Manchester United 1-2 Chelsea: Ancelotti gets it right with his strikers

April 3, 2010

A tight game that was won the better side. United looked tired after their midweek game in Munich – Chelsea were fresher, brighter and created more goalscoring opportunities. They are now in the driving seat.

Sir Alex Ferguson would have gone with a 4-5-1 regardless of Wayne Rooney’s absence, so it was essentially a straight change, with Dimitar Berbatov in to replace him. Michael Carrick was dropped after his poor display midweek, so Fletcher and Scholes played deep, with Park Ji-Sung in the central role he played so well against Milan.

There was certainly a surprise in the Chelsea line-up, in that Didier Drogba was left on the bench, with Nicolas Anelka preferred. Drogba apparently had a slight groin strain, but one feels he would have made the game had Ancelotti wanted to play two upfront. In recent weeks, however, Chelsea have played better with one striker. Indeed, there have been suspicions since Anelka arrived at the club that he and Drogba are not a great partnership – although they’ve played well on occasion together, their best displays seems to have come when the other is either out of the side, or out of form.

Today, playing Anelka worked brilliantly from the outset, as he dropped deep into positions in a role not dissimilar to a false nine, allowing Malouda and Cole to venture forward and become the highest players up the pitch. Those two played from out to in, with significant wide support from the two full-backs, who both ventured forward regularly.

Park played very close to Berbatov for the first half hour, and United’s shape was almost a 4-4-2 at times. In particular, when Edwin van der Sar had the ball, Berbatov would come deep for the flick-on, and Park would become the furthest forward player.

Chelsea dominated possession in the first half, partly because Park was playing so high that Chelsea often had an extra man in midfield. Cole and Malouda also played brilliantly fluid role – Ferguson seemed to instruct the full-backs to mark them tightly, but this often resulted in Evra and (in particular) Neville being drawn into the centre, opening up space on the flank.

United were toothless – they failed to create any genuine chances in the first half, and Ferguson switched things around on the half-hour mark, by moving Park to the left and pushing Giggs forward to support Berbatov.

Perhaps surprisingly, Sir Alex Ferguson made no substitutions at half-time, but United’s approach did change – they pressed higher up the pitch, their defensive line was higher up the pitch, and they looked quicker and more determined to win the ball back. They dominated possession in the second half and were unfortunate to go another goal behind.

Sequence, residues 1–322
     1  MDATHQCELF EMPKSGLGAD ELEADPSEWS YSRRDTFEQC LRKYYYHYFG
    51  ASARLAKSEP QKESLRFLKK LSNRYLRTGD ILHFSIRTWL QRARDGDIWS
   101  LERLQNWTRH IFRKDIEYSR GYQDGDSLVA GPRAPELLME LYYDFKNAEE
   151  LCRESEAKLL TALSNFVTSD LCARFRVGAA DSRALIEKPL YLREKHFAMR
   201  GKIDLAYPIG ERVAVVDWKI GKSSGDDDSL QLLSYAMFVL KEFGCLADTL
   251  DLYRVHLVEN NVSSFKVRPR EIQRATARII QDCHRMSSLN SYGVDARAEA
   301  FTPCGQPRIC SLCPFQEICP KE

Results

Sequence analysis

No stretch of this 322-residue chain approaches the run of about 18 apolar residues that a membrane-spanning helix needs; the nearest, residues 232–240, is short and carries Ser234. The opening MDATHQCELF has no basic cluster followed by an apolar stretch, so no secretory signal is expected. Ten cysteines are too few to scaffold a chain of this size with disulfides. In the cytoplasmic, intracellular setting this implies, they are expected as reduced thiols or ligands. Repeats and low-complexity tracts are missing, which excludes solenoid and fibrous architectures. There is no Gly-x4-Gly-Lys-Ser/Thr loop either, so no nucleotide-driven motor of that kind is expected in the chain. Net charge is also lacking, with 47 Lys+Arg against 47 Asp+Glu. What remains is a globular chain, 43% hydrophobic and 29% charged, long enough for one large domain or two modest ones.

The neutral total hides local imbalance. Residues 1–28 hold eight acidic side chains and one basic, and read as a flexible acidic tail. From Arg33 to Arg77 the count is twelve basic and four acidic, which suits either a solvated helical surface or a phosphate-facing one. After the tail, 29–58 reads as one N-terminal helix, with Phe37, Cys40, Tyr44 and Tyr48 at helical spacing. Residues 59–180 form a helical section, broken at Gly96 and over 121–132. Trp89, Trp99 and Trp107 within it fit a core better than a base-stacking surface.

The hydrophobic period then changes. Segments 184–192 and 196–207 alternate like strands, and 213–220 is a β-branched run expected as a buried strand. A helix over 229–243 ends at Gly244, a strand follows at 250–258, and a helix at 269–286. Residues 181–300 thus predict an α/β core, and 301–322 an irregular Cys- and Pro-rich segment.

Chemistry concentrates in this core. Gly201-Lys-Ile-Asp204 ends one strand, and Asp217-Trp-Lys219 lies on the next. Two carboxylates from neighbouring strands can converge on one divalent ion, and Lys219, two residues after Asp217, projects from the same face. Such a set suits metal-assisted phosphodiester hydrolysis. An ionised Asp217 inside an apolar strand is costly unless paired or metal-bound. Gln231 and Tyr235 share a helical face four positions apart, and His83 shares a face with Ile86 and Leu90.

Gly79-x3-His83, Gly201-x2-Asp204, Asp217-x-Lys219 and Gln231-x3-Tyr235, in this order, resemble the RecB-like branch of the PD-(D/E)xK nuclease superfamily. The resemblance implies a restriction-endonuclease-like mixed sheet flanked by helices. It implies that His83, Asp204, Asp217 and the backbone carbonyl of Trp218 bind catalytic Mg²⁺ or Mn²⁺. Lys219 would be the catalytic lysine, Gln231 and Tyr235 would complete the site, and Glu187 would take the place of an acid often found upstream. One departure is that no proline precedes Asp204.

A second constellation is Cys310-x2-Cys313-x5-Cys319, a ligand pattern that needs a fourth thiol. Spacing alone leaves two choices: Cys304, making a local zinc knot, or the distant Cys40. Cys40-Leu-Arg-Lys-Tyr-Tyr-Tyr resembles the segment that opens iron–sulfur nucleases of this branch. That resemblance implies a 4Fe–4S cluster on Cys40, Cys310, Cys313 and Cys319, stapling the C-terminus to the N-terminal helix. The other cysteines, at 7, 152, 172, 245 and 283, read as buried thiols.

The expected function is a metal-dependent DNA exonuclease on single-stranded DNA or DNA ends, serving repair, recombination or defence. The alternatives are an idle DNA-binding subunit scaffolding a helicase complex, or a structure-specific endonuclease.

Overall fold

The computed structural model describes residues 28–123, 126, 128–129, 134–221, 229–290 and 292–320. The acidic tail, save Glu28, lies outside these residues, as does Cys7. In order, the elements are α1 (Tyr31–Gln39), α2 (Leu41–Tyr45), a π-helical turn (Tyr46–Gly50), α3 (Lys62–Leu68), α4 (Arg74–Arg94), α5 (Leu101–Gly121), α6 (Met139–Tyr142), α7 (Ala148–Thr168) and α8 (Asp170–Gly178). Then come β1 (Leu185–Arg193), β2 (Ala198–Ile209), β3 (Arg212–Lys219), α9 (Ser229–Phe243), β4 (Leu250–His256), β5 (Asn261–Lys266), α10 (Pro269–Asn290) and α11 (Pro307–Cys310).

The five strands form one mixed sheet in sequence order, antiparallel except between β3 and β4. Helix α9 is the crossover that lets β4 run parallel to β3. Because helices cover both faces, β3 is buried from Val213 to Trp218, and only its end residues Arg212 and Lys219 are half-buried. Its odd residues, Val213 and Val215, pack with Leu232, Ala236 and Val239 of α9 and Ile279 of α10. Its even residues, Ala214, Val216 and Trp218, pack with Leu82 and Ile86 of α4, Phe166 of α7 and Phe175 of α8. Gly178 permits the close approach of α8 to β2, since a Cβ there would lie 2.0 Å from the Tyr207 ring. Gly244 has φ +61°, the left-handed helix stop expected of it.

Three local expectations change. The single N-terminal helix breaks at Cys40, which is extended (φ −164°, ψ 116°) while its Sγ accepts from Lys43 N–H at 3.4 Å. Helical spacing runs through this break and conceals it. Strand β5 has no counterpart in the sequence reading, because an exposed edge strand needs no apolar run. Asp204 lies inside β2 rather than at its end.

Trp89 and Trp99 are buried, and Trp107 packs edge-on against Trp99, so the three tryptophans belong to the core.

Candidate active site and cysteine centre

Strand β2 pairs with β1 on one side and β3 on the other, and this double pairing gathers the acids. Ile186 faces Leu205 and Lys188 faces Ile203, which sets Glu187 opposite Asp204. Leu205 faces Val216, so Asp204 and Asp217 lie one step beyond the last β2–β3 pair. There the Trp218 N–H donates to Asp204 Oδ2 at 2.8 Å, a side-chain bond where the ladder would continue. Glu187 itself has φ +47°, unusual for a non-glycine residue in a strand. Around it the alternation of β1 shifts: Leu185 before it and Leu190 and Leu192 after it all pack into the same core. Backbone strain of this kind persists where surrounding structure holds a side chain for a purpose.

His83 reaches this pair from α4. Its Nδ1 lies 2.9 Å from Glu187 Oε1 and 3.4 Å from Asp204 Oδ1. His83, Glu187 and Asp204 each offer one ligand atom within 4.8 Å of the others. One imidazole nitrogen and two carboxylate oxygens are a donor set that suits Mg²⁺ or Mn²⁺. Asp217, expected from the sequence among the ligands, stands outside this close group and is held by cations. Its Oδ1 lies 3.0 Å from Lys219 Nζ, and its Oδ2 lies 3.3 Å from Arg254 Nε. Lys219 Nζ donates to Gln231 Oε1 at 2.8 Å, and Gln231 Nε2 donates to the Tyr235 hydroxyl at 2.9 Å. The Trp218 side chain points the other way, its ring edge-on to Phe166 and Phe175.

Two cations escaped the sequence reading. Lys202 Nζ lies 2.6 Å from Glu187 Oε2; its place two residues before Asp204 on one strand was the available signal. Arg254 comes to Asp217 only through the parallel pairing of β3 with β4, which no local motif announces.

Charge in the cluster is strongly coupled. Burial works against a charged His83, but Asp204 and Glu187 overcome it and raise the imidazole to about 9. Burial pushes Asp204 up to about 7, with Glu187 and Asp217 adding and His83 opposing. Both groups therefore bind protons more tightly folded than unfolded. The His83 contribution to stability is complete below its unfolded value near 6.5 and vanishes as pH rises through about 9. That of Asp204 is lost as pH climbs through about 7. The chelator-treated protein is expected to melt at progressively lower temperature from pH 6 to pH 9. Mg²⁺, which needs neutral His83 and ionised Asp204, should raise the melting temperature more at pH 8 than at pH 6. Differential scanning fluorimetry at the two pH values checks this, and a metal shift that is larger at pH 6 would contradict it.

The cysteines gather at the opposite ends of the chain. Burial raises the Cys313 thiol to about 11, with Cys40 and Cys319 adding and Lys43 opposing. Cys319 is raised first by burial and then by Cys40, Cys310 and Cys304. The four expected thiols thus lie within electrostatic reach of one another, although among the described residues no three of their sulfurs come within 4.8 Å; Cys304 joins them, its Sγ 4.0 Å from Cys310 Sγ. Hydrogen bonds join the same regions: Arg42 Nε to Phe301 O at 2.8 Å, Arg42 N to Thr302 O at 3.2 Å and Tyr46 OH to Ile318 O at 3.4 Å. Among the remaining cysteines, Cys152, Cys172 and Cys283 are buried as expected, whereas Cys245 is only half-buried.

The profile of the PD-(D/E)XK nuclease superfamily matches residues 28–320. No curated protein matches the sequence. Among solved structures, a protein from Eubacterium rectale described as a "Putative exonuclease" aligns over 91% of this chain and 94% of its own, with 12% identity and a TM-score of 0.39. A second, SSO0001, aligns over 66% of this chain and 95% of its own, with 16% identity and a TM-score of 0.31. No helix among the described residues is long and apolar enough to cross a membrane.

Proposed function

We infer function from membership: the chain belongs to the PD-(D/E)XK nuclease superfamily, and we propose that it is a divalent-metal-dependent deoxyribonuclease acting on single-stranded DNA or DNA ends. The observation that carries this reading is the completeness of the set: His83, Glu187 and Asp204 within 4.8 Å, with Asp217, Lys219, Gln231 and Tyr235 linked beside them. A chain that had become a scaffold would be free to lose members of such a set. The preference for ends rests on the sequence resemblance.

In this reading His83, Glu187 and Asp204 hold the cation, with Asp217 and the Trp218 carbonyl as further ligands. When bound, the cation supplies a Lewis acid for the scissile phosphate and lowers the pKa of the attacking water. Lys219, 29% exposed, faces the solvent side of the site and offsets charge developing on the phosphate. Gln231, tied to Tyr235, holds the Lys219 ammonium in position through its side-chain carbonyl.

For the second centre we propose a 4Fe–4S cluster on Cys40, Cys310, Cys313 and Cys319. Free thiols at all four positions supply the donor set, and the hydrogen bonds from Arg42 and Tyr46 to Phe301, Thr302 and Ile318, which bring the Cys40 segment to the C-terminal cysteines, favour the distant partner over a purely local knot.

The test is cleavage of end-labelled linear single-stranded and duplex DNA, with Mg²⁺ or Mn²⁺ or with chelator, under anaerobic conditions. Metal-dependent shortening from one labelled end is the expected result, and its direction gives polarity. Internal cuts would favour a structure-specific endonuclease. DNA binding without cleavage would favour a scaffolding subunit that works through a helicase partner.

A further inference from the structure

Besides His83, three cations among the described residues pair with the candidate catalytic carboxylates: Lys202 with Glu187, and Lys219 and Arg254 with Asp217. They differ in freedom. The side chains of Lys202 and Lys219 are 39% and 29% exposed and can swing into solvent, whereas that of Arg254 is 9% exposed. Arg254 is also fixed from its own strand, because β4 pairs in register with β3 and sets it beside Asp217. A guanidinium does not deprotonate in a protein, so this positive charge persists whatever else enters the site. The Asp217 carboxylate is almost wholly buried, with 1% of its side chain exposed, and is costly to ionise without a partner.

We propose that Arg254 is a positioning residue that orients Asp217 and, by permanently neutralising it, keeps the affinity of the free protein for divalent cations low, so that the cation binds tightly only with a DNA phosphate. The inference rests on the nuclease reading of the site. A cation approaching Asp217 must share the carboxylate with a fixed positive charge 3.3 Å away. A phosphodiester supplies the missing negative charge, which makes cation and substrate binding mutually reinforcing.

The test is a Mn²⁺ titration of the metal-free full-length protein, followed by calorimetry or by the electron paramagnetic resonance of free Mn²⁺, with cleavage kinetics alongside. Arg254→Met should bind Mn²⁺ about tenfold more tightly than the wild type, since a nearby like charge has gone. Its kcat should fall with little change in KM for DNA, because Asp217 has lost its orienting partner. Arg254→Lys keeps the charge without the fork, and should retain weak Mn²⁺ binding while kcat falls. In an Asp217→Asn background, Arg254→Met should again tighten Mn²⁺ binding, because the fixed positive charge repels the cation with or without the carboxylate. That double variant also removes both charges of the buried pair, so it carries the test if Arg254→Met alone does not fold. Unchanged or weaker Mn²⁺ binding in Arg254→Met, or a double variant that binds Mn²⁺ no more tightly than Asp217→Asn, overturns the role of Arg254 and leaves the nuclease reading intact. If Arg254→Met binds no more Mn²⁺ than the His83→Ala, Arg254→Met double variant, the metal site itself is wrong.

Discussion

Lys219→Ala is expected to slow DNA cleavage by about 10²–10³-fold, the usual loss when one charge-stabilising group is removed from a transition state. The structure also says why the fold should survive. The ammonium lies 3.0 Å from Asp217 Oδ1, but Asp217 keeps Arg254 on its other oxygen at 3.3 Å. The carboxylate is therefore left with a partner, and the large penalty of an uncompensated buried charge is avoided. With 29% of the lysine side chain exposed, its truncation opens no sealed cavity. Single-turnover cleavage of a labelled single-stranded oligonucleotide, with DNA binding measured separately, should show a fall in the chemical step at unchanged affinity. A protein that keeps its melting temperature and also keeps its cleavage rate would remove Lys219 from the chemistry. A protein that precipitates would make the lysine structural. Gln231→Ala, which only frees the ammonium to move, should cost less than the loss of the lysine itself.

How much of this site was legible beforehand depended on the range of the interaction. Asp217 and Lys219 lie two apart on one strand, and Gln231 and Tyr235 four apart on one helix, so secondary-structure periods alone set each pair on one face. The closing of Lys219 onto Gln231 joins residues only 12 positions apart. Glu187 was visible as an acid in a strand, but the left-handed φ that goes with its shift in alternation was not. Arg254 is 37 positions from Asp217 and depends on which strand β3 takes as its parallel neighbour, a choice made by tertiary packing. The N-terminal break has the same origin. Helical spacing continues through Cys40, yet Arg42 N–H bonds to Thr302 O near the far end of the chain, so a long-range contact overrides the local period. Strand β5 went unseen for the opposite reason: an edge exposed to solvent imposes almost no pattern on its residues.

Credit should go to Ancelotti for his team selection and substitution upfront, however. Anelka was the right man for the first hour – drifting around and causing United’s centre-backs problems, but when United started to dominate the game, Drogba’s more physical, powerful presence was more effective in holding the ball up and waiting for midfield runners. His goal was plainly offside, but Drogba’s impact was nevertheless a key feature of the game, as Anelka was tiring.

Ferguson’s substitutions were logical moves, introducing the in-form Nani for the relatively subdued Park, and bringing on the tall striker Federico Macheda since United were mainly a threat when they got into wide areas and got crosses in, but it was surprising he left it until 72 minutes to bring them both on. It was also strange that he left Michael Carrick on the bench when United’s passing was so poor throughout the game, especially considering he took Paul Scholes and then Darren Fletcher off. Fletcher (along with Park) failed to turn another of his excellent big-game displays. There have been suspicions that Fletcher’s energetic, hard-working style means he struggles to perform well in two consecutive games, and perhaps that school of thought was given added credit today.

A final key part of the game was the role played by Paulo Ferreira. In the game between these two at Stamford Bridge earlier in the season, Ryan Giggs played very narrow on the left-hand side, and United were happy to allow Branislav Ivanovic forward as he isn’t the best on the ball. Today, however, Ferreira played at right-back and constantly explioted the space left by (a) Giggs playing relatively centrally and (b) Cole drifting inside and bringing Evra with him. On the opposite flank, Zhirkov was tracked all game by Valencia, but Ferreira was constantly an out-ball for Chelsea and could have grabbed his first-ever Chelsea league goal had his finishing been slightly better.

Ancelotti defeated Ferguson today, and it will be interesting to see what he does for the rest of the season – Chelsea clearly play better with one striker rather than two, will he continue to leave either Drogba or Anelka out? They are unquestionably the favourites for the title now, and it’s theirs to lose. Only once in Ancelotti’s ten seasons in charge of Juventus and Milan did he win the title – that was in 2003/04 when Milan lost just once all season and won the title by 11 points. He has never emerged from a genuinely close title race on top, and the pressure is now on him to make brave decisions to ensure Chelsea triumph.

Chalkboard analysis here

Manchester United 1-2 Chelsea: Ancelotti gets it right with his strikers

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